Galley Head Lighthouse rises an imposing 53m above the roaring Atlantic ocean in the popular tourist haven of West Cork.
Galley Head is a gleaming white lighthouse that sits at the southernmost point of a picturesque headland known as Dundeady Island and is close to the charming market town of Clonakilty – home of the famous black pudding!
Irish Landmark Trust has restored two lightkeepers’ houses which offer self-catering accommodation with a difference. It’s the perfect base to pursue a wide range of outdoor activities from dolphin and whale watching, surfing at Inchydoney Blue Flag Beach to a historical walking tour of pretty Clonakilty.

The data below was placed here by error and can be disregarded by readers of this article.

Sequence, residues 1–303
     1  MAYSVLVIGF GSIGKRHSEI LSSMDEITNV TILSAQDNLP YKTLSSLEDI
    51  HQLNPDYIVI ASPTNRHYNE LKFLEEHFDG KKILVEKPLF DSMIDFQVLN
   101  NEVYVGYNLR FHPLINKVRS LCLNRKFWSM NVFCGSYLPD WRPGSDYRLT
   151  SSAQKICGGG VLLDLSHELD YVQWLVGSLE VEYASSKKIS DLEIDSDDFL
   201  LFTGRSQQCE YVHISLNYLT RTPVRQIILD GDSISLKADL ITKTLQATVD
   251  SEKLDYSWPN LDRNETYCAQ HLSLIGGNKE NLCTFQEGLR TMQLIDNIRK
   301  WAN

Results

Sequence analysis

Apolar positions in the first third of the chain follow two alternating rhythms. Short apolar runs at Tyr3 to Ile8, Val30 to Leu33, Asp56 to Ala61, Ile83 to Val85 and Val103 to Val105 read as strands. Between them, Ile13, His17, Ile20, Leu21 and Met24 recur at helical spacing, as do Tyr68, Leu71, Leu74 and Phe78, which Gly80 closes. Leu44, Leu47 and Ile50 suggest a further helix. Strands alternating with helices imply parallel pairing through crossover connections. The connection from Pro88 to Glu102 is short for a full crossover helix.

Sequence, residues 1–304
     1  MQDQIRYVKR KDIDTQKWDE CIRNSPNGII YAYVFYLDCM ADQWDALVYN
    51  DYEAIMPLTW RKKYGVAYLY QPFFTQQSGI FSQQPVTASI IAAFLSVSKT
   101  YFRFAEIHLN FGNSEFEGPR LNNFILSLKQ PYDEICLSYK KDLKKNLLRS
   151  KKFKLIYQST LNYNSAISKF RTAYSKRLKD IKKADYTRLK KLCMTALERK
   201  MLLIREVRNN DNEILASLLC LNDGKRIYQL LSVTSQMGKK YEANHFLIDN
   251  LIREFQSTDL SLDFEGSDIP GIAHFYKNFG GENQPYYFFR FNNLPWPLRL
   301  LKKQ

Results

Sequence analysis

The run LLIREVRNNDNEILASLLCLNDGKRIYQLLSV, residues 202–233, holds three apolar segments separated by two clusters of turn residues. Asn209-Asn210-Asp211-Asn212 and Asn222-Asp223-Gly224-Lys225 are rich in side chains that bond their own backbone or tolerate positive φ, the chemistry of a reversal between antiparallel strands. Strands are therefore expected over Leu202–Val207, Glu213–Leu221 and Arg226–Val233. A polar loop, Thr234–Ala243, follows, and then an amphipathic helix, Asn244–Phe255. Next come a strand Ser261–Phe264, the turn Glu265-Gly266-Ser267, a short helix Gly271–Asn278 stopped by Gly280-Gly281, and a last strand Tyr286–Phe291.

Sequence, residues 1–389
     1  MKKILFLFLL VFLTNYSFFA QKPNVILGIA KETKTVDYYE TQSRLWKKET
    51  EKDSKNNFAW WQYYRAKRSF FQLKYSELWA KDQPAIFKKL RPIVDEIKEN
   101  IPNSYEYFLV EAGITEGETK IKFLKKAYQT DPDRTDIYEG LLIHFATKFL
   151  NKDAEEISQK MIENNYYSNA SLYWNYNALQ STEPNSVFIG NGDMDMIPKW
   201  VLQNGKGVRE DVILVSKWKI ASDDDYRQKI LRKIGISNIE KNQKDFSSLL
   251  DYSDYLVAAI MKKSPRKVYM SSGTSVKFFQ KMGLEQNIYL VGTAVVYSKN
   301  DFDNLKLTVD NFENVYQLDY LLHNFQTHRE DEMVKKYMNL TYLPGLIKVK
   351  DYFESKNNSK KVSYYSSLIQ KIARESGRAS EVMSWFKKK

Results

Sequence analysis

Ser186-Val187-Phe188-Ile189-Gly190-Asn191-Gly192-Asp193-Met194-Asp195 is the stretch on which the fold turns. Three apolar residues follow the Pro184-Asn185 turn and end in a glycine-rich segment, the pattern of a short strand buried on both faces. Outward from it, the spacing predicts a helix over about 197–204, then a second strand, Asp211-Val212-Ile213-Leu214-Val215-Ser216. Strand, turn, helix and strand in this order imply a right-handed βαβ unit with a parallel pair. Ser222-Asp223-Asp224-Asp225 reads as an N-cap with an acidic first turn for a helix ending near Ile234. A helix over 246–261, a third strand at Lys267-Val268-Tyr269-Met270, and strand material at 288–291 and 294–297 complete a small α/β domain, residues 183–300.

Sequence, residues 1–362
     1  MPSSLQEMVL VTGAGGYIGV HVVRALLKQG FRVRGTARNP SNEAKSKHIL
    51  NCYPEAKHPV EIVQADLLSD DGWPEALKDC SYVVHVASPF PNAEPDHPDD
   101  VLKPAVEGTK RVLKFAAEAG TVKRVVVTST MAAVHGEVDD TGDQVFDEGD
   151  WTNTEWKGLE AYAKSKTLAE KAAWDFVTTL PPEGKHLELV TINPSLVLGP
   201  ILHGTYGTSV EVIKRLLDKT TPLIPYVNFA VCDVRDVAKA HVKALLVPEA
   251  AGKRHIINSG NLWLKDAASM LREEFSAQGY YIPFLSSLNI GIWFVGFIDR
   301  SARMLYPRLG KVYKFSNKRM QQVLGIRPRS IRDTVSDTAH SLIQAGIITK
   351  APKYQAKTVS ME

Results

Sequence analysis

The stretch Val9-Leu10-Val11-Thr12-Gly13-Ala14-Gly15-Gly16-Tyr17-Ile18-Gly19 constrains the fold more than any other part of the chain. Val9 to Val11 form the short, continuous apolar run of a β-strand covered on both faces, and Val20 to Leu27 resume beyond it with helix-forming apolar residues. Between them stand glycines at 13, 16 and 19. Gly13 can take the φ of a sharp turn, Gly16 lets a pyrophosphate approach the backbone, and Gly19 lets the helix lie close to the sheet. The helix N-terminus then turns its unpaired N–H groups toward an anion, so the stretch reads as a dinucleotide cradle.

Or you could simply relax and be refreshed by the scenery and serenity that surrounds you.
A quick history
Galley Head Lighthouse was built in 1875, during the heyday of lighthouse building.
When Galley Head was first constructed, it was the most powerful lighthouse light in the world.
The lighthouse’s lantern, dome and 21-metre tower are still painted white, just as they were in the 19th century.
The lighthouse was converted to electric operation in 1969 and automated in 1979.
Did you know?
The lighthouse’s original light could be seen in clear weather for a distance of 30km.
The lightkeepers at Galley Head would have witnessed the loss of the Lusitania in 1915 and sighted many British and German vessels during World War I and II.
Galley Head Lighthouse is a major shore light on the South Coast. Along with the Old Head of Kinsale and Fastnet Lighthouses, it’s an important aid to offshore navigation.
It is one of 70 lighthouses operated by the Commissioners of Irish Lights around the coast of Ireland and continues to provide a vital role in maritime safety today.